The United States once pursued a policy of eradicating its wolves; shooting, poisoning and trapping them until there were almost no free wild wolves in the country, says Mark Rowlands. However, with the policy now abolished, they are again roaming through parts of Wyoming, Montana and Minnesota. They are also prowling in abundance through the pages of literature, in the strikingly vivid Sharp Teeth by Toby Barlow and Joseph Smith's hauntingly beautiful debut, The Wolf.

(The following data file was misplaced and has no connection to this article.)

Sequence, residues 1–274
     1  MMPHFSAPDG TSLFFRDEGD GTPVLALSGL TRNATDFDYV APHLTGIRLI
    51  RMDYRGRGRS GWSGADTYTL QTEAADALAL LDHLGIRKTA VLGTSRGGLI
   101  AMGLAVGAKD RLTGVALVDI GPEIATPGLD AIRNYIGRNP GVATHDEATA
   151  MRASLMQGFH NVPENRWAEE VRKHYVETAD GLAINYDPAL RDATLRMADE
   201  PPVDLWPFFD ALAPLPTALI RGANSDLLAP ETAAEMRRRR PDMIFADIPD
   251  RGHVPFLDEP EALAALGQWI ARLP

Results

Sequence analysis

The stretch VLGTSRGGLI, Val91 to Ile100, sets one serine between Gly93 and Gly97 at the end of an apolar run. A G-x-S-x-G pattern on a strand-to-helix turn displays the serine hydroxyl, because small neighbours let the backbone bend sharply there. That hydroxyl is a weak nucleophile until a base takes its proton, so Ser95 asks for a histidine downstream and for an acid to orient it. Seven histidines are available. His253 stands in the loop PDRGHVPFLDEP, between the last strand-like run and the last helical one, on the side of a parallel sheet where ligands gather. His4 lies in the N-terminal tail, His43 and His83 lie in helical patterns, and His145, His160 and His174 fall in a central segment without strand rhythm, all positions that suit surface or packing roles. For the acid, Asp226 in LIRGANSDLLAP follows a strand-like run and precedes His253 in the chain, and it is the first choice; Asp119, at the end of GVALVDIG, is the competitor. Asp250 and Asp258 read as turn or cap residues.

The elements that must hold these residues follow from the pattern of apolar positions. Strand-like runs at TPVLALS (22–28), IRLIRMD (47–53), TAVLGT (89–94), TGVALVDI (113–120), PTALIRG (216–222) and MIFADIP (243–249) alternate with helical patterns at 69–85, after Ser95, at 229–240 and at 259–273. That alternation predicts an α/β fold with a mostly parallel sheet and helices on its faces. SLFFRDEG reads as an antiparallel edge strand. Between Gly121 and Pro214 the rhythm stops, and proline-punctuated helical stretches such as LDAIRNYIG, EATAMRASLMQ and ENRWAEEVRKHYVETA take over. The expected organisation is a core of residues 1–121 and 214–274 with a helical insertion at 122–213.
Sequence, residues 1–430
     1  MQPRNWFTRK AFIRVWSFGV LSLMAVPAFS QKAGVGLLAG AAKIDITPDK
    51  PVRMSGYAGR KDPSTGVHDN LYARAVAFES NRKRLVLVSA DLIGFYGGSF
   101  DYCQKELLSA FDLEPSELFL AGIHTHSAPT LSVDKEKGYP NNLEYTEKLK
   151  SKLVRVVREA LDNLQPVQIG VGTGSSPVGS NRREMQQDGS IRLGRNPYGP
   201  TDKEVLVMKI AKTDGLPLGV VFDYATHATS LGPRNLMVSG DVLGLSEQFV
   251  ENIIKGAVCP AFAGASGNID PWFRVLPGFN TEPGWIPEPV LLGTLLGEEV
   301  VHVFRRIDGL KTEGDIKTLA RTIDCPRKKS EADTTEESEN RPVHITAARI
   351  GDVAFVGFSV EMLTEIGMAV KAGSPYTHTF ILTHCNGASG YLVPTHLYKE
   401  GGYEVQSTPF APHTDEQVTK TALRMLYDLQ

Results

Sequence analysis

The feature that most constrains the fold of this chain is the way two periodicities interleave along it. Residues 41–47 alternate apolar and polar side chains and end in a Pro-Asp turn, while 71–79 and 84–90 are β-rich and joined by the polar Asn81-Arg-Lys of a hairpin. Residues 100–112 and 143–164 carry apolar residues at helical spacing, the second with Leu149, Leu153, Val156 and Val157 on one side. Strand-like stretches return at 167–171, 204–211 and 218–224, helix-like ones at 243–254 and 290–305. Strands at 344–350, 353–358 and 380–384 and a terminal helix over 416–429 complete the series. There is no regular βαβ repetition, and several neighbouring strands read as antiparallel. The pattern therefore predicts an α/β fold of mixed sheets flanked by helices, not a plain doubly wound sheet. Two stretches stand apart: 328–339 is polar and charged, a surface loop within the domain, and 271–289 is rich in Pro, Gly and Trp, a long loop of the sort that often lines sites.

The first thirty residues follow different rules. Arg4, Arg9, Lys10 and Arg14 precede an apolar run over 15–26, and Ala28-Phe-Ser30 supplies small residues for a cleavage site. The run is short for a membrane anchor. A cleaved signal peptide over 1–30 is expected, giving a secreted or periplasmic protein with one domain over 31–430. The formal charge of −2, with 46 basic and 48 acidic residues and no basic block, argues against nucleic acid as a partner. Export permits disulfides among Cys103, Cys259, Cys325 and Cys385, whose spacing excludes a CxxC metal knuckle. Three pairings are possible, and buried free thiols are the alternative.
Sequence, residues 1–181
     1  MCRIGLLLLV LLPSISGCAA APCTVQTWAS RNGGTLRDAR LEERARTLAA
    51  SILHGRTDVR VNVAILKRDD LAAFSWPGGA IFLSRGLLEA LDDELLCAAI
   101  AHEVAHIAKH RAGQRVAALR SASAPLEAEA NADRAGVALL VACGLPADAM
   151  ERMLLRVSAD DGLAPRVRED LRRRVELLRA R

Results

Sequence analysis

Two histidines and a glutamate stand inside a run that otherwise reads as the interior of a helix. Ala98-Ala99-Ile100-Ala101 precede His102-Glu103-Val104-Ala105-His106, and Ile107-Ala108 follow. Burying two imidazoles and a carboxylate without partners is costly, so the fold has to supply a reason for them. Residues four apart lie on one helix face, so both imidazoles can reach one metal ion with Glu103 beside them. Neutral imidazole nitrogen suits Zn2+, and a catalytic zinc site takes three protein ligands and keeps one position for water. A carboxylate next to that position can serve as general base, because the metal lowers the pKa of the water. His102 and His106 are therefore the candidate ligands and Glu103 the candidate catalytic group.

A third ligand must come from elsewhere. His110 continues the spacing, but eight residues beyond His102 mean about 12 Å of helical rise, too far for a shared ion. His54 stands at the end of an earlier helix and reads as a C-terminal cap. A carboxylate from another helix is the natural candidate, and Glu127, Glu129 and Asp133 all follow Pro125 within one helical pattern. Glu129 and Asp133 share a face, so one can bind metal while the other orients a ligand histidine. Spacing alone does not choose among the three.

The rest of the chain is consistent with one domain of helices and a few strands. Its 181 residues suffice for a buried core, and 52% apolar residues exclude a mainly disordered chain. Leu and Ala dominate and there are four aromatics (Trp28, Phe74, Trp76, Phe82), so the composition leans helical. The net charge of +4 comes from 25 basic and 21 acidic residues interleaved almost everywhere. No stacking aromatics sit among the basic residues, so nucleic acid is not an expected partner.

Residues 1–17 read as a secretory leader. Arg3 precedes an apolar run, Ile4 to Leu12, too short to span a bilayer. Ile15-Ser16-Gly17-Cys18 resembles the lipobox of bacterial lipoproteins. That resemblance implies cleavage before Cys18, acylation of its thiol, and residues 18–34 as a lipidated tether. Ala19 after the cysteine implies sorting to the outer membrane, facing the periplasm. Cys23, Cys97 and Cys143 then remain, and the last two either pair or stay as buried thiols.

A wolf named Brenin is captured in these pages, inciting physical destruction and mental pontificating. For more than a decade, Brenin was the author's companion at home and work (he would doze in a corner of lecture theatres where Rowlands worked as professor).
Rowlands refutes the common representation of wolves as the dark side of humanity, pointing out that – etymologically – they have greater connection with light. Rowlands is a passionate chronicler as he casts nets of meaning over the animal. But it is the wolf itself that leaps most vigorously off the page, eluding all fallible cages of human thought, captivating the reader.